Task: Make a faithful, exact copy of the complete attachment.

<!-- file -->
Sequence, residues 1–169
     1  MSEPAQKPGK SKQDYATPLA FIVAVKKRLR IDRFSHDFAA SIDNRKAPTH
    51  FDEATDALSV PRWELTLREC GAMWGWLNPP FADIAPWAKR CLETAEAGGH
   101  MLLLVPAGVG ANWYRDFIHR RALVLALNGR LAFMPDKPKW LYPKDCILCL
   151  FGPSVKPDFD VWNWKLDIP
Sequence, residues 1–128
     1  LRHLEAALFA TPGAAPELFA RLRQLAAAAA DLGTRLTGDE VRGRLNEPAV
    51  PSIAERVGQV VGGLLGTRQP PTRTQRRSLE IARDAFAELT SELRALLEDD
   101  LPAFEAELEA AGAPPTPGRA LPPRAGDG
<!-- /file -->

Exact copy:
Sequence, residues 1–169
     1  MSEPAQKPGK SKQDYATPLA FIVAVKKRLR IDRFSHDFAA SIDNRKAPTH
    51  FDEATDALSV PRWELTLREC GAMWGWLNPP FADIAPWAKR CLETAEAGGH
   101  MLLLVPAGVG ANWYRDFIHR RALVLALNGR LAFMPDKPKW LYPKDCILCL
   151  FGPSVKPDFD VWNWKLDIP
Sequence, residues 1–128
     1  LRHLEAALFA TPGAAPELFA RLRQLAAAAA DLGTRLTGDE VRGRLNEPAV
    51  PSIAERVGQV VGGLLGTRQP PTRTQRRSLE IARDAFAELT SELRALLEDD
   101  LPAFEAELEA AGAPPTPGRA LPPRAGDG